By Debakanya Haldar
The advent of autumn always brings with it an innate sense of solitude and the smell of the approaching winter. Such is the idea present in the autumnal season of the human life as well. This is the prevalent emotion in Gouranga P. Chattopadhyay’s second collection of poems, Managing the Journey through Rough Terrain. What is most interesting about this collection is that even though it dwells mostly on the sentiments of loss and longing that become the inevitable part and parcel of old age, this collection of poems promises to appeal to the emotional recesses of the mind, irrespective of the reader’s age.
The collection opens with a poem entitled, “Old Age Should Rave and Burn at Close of Day”, which allows the poet to make his position clear in front of his audience — he is not afraid to “rage against the dying of the light.” Thus begins the reader’s journey into a world seen through the spectacles of a matured poet enriched with experiences. The poet skillfully strikes a balance between the nostalgia of the past – “Images of those whom I loved flashed by” (“A Glass of Margarita at Hand”) –and the anticipation for an unknown future – “How many more do I have to overtake before my remains go up in smoke?!” (“Yet Another Gmail”) The poet weaves lucid and rich description of the mundane aspects of nature, thus supplementing his own personal experiences with a myriad of vivid images. My favourite of these have to be the description of the old laburnum tree in the poem “The Laburnum Tree in Madhuwanti” –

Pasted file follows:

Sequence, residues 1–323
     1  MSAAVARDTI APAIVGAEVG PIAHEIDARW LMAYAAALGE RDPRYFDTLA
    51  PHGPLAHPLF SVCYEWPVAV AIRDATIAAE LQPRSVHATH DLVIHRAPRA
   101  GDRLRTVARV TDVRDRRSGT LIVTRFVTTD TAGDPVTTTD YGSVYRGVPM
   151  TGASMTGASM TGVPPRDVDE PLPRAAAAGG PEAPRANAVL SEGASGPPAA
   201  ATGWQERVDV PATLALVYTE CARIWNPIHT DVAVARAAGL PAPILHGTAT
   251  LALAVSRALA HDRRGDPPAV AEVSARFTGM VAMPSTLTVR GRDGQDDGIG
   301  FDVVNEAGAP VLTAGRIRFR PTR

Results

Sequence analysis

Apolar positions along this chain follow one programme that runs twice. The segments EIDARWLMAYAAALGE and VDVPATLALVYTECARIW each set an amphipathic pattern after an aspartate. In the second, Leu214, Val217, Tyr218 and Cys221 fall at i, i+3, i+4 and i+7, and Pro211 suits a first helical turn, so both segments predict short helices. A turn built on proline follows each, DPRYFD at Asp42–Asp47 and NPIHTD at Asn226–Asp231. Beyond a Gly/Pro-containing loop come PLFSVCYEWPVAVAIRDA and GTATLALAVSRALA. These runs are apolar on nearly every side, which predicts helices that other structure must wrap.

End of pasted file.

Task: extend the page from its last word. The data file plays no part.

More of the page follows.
“It stands like a sentinel on the parade ground, ramrod straight,
Displaying the many coloured ribbons pinned to its chest,
Witness to past glory of years of braving Santiniketan’s
Mr. Chattopadhyay’s journey in his second collection of poems is unabashedly personal and yet, he never fails to include the reader in this “journey through the rough terrain”, to allow the reader to make it his or her own.
The reviewer is a final year M.A. English student at Jawaharlal Nehru University, Delhi. She appears as a guest author with the short story “The Last Meeting” in the collection of short stories, Wrinkles in Memory, published by LiFi Publications in 2016. Debakanya is originally from Kolkata and currently lives in Delhi.